09 May, 2009

Game Mechani(sm) of the Week #18: Life Path

Let's grab something I loved from an old game...

Something that hasn't really been seen in many of the more recent games that I've been looking at (whether independently produced or mainstream).

(Yes, I'm doing this because I've noticed that my blog is running behind on it's weekly game mechanisms and some of my own ideas just haven't seemed adequate as I've started numerous times to write this post)

I love the concept of the life path in Cyberpunk 2020, I adapted some of it's ideas when I wrote the Eighth Sea. I know that the concept has also been thoroughly explored in games like Traveller and HoL (with both of these games offering options that can kill a character before they even enter play).

I like the idea of rolling a bunch of dice to fill put the backstory of a character instantly gives characters a time and place in the setting where they will be developing their stories. It helps to set the tone of the game, gets into players minds that this is a game and that random chance will play a part in the development of the stories. This said, a good system to develop a life path should use a similar type of mechanism to that which is used in the game.

If your game uses percentile dice, then develop a life path system that uses percentile dice. If your game uses cards in a manner similar to poker, then have a life path system that uses the card values, combinations and other tropes of poker.

Life path systems also give players an idea that their character's backgrounds will play a part in the narrative to follow. A friend made during the life path rolls could be jeopardised during the course of play, a family member lost during the pre-game rolls could be found during the course of the story.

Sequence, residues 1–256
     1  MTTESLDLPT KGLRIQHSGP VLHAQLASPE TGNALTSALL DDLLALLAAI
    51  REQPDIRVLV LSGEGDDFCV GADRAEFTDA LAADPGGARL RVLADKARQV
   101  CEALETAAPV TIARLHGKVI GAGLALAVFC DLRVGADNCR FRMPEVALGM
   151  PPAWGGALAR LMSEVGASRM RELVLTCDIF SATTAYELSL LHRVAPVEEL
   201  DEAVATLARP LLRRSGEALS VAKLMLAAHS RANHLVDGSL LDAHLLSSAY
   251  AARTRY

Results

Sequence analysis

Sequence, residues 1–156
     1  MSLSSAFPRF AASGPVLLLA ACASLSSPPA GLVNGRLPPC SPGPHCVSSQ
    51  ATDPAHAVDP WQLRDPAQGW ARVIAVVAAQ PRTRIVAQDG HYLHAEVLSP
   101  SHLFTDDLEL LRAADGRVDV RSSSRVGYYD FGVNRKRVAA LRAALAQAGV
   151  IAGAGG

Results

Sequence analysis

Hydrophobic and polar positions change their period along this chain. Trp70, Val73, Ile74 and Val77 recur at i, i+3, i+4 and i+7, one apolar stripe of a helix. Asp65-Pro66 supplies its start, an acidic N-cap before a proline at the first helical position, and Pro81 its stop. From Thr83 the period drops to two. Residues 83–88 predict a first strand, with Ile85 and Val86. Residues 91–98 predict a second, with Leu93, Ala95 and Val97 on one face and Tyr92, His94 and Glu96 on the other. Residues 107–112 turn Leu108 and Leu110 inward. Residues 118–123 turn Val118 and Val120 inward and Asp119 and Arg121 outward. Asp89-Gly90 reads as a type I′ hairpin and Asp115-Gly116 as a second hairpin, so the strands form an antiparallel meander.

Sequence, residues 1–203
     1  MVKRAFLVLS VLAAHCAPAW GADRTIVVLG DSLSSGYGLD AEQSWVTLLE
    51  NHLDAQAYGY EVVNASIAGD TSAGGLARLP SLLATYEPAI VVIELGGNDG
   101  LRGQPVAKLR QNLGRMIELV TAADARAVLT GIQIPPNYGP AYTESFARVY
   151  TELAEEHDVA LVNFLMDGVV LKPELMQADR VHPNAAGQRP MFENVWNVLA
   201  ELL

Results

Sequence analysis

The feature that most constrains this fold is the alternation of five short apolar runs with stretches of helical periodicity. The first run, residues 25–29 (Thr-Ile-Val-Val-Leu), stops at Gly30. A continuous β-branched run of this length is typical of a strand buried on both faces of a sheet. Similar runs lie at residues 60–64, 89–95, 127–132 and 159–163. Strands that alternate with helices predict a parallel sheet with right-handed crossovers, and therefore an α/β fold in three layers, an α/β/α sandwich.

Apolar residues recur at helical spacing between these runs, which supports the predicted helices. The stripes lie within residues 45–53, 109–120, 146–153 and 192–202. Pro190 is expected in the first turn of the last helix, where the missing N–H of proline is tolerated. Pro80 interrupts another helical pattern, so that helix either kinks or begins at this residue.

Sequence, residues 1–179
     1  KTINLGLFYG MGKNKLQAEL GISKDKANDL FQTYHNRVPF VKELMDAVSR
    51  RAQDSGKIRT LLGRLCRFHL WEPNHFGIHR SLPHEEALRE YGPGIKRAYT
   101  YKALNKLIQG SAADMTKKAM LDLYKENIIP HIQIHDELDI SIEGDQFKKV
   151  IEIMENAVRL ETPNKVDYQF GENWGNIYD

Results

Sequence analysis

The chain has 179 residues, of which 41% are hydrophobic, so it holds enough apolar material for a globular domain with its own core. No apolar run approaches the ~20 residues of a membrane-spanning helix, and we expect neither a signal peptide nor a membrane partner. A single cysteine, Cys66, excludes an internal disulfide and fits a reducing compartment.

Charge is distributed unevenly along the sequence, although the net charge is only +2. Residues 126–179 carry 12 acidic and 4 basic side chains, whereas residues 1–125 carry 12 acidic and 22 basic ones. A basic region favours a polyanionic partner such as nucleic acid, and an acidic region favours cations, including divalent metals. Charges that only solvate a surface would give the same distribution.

These are the types of things that really help to give depth to characters more than just the numbers on the page. They help to construct an imaginative environment, and help to connect players to that environment through their characters. A good life path system isn't an excuse to avoid coming up with a solid character concept, but it should help inform the reasons for how that character concept has developed.

Based on some of the things that I've been reading lately, there are probably a few members of the roleplaying avant-garde who would claim that life path systems are a crutch for a poor imagination. But I thinks that's a load of phooey.

(I'm surprised that the spell checker has allowed "phooey" as a legitimate word.)

One of the things that I've really noticed with the core members of the roleplaying avant-garde is that many of them have become like art critics...not really caring what the public cares about with respect to art, and becoming so caught up in their theorising and hubris that they fail to understand why the rest of the world doesn't catch on.

There's probably quite a few old mechanism gems in the pages of forgotten games (or at least games which have ceased being fashionable). I'll have to start searching through some more of them.
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